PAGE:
Joe Biden, the US vice-president, on Tuesday sharply criticised China’s declaration of a new air defence zone over the East China Sea, but stopped short of joining Japanese leaders in demanding that the zone be scrapped.
In Tokyo at the start of an Asian tour that will take him to Beijing on Wednesday, Mr Biden sought to reassure Japan, the US’s most important military ally in Asia, that it would defend the country against any overt aggression from an increasingly assertive China.
But even as he reiterated that the US was “deeply concerned” that China’s declaration of a wide air defence identification zone in November risked “accidents and miscalculations”, he did not demand that the perimeter be formally withdrawn – something Japan has said it wants but to which analysts say Beijing is extremely unlikely to agree.
“I told the prime minister that we will remain steadfast in our alliance commitments,” Mr Biden told a joint news conference after a meeting with Shinzo Abe, the Japanese prime minister. He also urged Japan and China to improve communication and crisis management procedures to avoid any escalation of military tensions.
Japan and China are locked in a bitter stand-off over a group of Japanese-administered islands, called the Senkaku in Japan and the Diaoyu in China. These fall within the Chinese ADIZ, which covers a large part of the East China Sea and overlaps with a similar decades-old zone established by Japan, as well as perimeters maintained by Taiwan and South Korea.
Earlier, a state department spokeswoman in Washington called on China to “rescind the procedures” attached to the zone, under which Beijing has warned that it could take “defensive emergency measures” against any aircraft that enter without sending flight plans to the Chinese authorities, including aircraft that do not intend to land in or fly over mainland China.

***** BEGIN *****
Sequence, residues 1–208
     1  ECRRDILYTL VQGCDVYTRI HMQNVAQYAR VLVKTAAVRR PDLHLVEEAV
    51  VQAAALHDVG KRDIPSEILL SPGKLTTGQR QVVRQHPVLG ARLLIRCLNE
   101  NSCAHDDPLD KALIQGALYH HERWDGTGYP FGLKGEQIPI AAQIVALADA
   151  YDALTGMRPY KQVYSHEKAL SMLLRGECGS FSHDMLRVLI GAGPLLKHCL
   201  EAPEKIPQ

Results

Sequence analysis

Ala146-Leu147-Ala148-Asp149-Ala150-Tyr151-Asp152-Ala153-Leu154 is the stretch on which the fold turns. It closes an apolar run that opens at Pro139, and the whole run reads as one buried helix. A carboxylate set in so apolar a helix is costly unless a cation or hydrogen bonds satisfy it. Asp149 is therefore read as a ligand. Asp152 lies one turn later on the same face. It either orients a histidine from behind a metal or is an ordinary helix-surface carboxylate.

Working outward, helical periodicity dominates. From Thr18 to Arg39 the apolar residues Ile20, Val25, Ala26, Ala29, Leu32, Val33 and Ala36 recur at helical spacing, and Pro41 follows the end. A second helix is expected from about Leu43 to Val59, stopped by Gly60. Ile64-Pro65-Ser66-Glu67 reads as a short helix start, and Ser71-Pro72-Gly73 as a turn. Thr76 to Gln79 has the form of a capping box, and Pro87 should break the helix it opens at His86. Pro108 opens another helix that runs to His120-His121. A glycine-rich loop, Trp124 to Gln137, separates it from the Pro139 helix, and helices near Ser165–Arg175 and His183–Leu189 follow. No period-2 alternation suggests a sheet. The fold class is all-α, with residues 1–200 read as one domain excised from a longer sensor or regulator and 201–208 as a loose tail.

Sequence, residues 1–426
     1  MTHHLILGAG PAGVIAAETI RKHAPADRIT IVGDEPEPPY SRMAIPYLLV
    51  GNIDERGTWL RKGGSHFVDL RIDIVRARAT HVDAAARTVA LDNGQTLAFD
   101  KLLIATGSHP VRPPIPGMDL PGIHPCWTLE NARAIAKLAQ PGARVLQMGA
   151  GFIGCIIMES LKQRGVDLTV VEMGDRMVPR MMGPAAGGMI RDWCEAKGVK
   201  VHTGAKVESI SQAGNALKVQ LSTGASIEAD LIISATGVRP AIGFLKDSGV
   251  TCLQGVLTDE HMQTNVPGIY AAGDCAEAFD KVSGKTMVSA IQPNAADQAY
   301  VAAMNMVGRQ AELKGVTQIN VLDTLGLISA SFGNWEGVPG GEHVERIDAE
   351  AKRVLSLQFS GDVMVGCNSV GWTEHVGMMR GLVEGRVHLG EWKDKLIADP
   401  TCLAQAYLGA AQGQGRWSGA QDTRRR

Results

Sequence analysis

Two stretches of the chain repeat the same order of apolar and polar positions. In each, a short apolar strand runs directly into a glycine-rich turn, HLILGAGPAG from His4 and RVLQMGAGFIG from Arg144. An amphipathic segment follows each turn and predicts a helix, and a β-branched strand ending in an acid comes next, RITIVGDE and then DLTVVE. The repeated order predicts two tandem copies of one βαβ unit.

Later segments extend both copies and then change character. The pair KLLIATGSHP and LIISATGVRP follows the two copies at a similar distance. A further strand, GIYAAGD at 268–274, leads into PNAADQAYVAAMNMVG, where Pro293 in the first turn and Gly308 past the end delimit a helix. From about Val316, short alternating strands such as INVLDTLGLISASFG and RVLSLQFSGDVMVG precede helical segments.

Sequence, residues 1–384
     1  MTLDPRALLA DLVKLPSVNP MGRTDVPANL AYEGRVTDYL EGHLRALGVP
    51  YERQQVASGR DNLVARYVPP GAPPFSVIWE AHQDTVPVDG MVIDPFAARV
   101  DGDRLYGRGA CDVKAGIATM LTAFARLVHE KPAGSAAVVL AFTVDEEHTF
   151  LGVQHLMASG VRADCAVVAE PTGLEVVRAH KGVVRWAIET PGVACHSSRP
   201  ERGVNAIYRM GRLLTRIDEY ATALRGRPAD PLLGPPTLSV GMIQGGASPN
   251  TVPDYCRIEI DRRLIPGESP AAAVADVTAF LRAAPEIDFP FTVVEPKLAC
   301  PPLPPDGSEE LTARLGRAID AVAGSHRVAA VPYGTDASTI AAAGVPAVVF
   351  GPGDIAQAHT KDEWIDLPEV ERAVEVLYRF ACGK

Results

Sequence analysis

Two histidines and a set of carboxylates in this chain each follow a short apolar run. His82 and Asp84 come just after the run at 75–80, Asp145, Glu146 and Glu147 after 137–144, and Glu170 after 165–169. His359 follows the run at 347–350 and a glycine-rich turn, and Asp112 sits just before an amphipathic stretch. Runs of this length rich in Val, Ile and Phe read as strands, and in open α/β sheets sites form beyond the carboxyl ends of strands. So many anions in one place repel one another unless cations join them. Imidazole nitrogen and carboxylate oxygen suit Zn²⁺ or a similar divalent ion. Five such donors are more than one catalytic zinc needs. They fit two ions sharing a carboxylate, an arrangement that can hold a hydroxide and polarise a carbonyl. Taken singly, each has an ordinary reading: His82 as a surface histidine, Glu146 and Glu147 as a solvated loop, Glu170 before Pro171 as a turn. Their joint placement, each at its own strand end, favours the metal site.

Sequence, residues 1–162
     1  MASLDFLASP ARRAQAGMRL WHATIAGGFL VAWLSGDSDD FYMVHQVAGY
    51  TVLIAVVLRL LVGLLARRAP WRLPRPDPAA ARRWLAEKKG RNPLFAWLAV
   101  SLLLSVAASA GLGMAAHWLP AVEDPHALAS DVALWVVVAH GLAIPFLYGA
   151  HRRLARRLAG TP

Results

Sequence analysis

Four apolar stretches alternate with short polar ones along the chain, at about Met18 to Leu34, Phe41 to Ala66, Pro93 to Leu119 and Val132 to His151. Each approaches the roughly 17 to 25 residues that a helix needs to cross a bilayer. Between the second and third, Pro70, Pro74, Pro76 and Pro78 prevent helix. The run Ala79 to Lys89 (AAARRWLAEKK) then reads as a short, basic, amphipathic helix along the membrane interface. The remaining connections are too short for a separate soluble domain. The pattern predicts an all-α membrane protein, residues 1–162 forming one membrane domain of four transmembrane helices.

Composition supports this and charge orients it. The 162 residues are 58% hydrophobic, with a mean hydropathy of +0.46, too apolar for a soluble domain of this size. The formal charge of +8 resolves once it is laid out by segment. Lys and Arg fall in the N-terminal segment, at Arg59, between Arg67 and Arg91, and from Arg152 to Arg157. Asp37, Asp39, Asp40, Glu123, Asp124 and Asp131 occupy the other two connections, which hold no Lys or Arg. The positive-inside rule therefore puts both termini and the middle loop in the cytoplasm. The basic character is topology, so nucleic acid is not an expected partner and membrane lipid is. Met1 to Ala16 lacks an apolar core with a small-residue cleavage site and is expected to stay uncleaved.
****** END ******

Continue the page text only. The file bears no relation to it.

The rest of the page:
Other countries with ADIZs, including the US and Japan, typically exempt from identification procedures aircraft that are just passing through the area.
Japan has gone further in its demands, and in briefing local media ahead of Mr Biden’s visit Japanese officials had suggested they hoped the US would join them in calling for the Chinese ADIZ’s outright removal.
Itsunori Onodera, the defence minister, on Friday called for the zone to be “rescinded as soon as possible”.
“Under the Chinese air defence identification zone, the Senkaku Islands become Chinese territory, so Japan cannot accept it,” Mr Onodera said, referring to the disputed islands. “Under this assumption, we cannot accept any negotiation request from the Chinese side over how the ADIZ should be operated.”
Yoshiki Mine, a Japanese former diplomat now at the Canon Institute for Global Studies, said the best Japan could realistically hope for would be for China to quietly allow the same exemptions as other countries. “I don’t think the Chinese will rescind it, certainly not,” he said. “But they have a certain room for manoeuvre.”
The US flew B-52 bombers through the zone last week to demonstrate that it considered the area to be international air space. The Pentagon is also deploying new advanced surveillance aircraft to Japan, which will be used to monitor submarines in some of the increasingly contested areas of the waters around China.
Still, some in Japan were disappointed when Washington told US commercial airlines to abide by the regulations for safety reasons, in contrast to Tokyo’s request to Japanese airlines not to comply with the rules. The Obama administration’s decision not to press for an outright scrapping of the ADIZ may also irk members of Mr Abe’s hawkish government.
“The fact that China’s announcement has caused confusion and increased the risk of accidents only further underscores the validity of concerns and the need for China to rescind the procedures,” the US state department said on Monday.
Additional reporting by Kiran Stacey in Shanghai